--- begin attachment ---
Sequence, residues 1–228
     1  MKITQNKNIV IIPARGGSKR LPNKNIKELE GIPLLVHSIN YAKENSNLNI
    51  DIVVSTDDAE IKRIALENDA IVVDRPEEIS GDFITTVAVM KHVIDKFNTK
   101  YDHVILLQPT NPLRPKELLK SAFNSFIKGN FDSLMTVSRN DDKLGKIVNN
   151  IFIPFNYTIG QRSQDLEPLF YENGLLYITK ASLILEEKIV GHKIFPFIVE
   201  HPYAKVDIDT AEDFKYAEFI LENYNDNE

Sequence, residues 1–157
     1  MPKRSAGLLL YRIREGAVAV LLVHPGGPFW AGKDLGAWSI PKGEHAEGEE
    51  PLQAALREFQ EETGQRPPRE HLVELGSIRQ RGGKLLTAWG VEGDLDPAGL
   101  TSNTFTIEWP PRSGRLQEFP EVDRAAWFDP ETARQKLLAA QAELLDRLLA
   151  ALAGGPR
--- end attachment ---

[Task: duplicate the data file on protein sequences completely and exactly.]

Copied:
Sequence, residues 1–228
     1  MKITQNKNIV IIPARGGSKR LPNKNIKELE GIPLLVHSIN YAKENSNLNI
    51  DIVVSTDDAE IKRIALENDA IVVDRPEEIS GDFITTVAVM KHVIDKFNTK
   101  YDHVILLQPT NPLRPKELLK SAFNSFIKGN FDSLMTVSRN DDKLGKIVNN
   151  IFIPFNYTIG QRSQDLEPLF YENGLLYITK ASLILEEKIV GHKIFPFIVE
   201  HPYAKVDIDT AEDFKYAEFI LENYNDNE

Sequence, residues 1–157
     1  MPKRSAGLLL YRIREGAVAV LLVHPGGPFW AGKDLGAWSI PKGEHAEGEE
    51  PLQAALREFQ EETGQRPPRE HLVELGSIRQ RGGKLLTAWG VEGDLDPAGL
   101  TSNTFTIEWP PRSGRLQEFP EVDRAAWFDP ETARQKLLAA QAELLDRLLA
   151  ALAGGPR